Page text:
As a street-legal SUV, the Hummer H1—the consumer version of the military’s famous Humvee—is overbuilt in the extreme, like Fort Knox or the Giza pyramids or the Broadway production of The Lion King. You probably won’t need to paradrop from a helicopter or drive through a waist-deep stream on the way to dinner at Le Grand Fromage, but it sure is nice to know that you could. AM General, which builds both the military and civilian versions, recently realized, however, that the H1 is too much truck for many buyers. In 2002 the company introduced the toned-down H2 and, this summer, the H2 Sport Utility Truck (SUT), which has a fold-down midgate that allows it to convert into a pickup with a 4-by-6-foot bed. The design challenge was to meet a standard of both Hummer burliness (steel structure and a V8 engine) and upmarket friendliness (eight-way adjustable leather seats, XM satellite radio, keyed ignition and, well, doors). Buyers want military realism, though not military reality, it would seem. The Humvee is undoubtedly the beefier vehicle. It can clear higher rocks (16 inches versus 10) and drive through deeper water (60 inches versus 20). But when it comes to combining off-road performance with on-road driving comfort, the H2 is king of the hill.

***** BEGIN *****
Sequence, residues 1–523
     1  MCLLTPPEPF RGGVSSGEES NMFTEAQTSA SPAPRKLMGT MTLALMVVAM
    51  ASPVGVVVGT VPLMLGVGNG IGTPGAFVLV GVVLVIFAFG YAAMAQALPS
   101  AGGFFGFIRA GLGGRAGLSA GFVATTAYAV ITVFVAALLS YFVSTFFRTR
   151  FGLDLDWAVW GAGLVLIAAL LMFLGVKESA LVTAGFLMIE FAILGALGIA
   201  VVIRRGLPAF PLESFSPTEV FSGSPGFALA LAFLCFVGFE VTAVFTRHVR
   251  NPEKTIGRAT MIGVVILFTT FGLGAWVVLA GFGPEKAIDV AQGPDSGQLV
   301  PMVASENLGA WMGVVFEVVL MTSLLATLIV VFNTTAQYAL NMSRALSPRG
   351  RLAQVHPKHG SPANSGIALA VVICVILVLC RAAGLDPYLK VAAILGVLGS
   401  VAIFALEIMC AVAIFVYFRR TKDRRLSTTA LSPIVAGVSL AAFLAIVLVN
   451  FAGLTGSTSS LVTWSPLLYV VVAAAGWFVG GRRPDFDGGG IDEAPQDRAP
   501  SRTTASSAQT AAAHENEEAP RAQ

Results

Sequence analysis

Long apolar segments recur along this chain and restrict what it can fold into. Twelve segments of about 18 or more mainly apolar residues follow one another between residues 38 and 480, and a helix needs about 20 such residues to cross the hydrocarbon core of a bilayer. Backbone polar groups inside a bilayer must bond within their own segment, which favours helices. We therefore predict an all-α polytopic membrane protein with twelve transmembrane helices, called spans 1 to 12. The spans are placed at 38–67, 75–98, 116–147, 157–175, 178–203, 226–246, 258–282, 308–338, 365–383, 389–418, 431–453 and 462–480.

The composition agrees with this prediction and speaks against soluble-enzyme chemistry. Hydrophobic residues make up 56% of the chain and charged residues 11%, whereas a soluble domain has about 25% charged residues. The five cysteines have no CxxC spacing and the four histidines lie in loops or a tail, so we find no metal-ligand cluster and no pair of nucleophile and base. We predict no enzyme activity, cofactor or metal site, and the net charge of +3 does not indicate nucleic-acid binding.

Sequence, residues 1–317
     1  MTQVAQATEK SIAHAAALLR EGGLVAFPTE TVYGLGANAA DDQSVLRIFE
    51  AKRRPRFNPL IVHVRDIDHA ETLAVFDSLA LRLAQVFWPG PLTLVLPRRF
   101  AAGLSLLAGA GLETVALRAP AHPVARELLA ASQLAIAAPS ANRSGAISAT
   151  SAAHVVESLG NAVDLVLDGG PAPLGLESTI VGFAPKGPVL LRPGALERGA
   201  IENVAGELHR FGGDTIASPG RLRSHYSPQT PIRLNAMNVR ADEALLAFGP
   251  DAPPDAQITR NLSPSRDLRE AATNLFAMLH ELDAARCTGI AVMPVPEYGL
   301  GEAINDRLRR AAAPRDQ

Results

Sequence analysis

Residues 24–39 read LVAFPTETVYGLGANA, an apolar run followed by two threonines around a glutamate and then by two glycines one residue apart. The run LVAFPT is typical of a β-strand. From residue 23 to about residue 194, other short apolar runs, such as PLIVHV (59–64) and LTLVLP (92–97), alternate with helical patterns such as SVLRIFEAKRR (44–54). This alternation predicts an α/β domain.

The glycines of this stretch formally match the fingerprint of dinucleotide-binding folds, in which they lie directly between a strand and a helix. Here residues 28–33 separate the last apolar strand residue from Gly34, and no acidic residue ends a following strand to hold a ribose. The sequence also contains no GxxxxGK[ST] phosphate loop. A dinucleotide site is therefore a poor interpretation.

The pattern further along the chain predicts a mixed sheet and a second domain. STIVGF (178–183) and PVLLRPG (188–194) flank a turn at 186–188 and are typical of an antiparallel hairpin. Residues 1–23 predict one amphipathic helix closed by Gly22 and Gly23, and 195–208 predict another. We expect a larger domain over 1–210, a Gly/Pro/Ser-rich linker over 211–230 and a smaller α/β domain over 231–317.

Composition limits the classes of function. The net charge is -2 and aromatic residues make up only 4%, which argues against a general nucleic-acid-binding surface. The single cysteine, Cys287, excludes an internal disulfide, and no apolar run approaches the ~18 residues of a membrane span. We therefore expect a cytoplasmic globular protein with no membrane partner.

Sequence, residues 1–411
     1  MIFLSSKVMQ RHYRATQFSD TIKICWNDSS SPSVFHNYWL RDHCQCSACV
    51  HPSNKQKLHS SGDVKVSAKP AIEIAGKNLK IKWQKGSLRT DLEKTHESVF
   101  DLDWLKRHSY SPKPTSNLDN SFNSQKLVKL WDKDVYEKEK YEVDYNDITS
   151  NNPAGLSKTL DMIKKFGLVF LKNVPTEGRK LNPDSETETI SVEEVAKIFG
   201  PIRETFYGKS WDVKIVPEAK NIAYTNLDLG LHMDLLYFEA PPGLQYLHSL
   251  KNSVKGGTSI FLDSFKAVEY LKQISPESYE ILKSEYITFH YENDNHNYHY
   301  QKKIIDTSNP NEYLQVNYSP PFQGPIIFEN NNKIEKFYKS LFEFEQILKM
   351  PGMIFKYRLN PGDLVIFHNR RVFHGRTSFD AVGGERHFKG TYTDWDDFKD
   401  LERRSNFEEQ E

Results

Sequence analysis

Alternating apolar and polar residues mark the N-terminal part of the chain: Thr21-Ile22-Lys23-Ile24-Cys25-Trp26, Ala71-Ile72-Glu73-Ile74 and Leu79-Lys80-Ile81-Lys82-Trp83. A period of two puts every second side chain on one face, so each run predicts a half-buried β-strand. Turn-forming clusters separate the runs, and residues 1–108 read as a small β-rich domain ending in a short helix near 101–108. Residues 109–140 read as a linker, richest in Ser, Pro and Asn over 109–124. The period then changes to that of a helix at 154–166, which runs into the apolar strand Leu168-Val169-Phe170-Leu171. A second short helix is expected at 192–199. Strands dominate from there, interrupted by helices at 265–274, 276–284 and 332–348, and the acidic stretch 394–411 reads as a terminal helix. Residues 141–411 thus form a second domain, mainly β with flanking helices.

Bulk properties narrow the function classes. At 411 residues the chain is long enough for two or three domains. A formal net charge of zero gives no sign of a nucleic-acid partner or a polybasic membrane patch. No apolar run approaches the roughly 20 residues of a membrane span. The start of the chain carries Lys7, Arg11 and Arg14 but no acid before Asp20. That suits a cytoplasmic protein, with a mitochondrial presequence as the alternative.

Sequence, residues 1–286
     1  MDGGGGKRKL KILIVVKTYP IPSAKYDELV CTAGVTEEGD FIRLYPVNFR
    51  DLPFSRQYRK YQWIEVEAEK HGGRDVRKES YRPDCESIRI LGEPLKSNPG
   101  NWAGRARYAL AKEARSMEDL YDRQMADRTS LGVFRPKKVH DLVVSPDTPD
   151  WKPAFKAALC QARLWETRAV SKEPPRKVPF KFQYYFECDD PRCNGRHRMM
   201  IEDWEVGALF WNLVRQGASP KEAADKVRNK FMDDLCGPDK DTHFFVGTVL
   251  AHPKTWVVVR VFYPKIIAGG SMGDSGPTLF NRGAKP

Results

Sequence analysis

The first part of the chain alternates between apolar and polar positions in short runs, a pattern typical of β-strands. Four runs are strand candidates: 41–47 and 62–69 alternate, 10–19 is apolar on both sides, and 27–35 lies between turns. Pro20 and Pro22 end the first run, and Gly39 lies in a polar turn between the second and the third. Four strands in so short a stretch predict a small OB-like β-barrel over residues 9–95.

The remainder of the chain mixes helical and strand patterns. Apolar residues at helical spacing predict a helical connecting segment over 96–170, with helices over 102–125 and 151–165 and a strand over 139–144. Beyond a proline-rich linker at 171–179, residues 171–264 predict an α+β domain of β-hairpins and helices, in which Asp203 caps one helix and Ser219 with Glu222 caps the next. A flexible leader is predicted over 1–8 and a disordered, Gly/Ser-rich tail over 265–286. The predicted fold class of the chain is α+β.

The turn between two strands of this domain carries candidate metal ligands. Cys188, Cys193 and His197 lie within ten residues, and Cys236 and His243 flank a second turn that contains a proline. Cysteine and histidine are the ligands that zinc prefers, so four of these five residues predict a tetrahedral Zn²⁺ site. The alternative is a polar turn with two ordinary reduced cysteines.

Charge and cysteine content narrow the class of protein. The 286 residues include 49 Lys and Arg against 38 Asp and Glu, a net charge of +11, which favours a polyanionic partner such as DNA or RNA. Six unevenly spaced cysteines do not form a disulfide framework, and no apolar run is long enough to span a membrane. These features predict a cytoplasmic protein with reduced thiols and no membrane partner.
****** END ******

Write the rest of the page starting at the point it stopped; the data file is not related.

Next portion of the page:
Five amazing, clean technologies that will set us free, in this month's energy-focused issue. Also: how to build a better bomb detector, the robotic toys that are raising your children, a human catapult, the world's smallest arcade, and much more.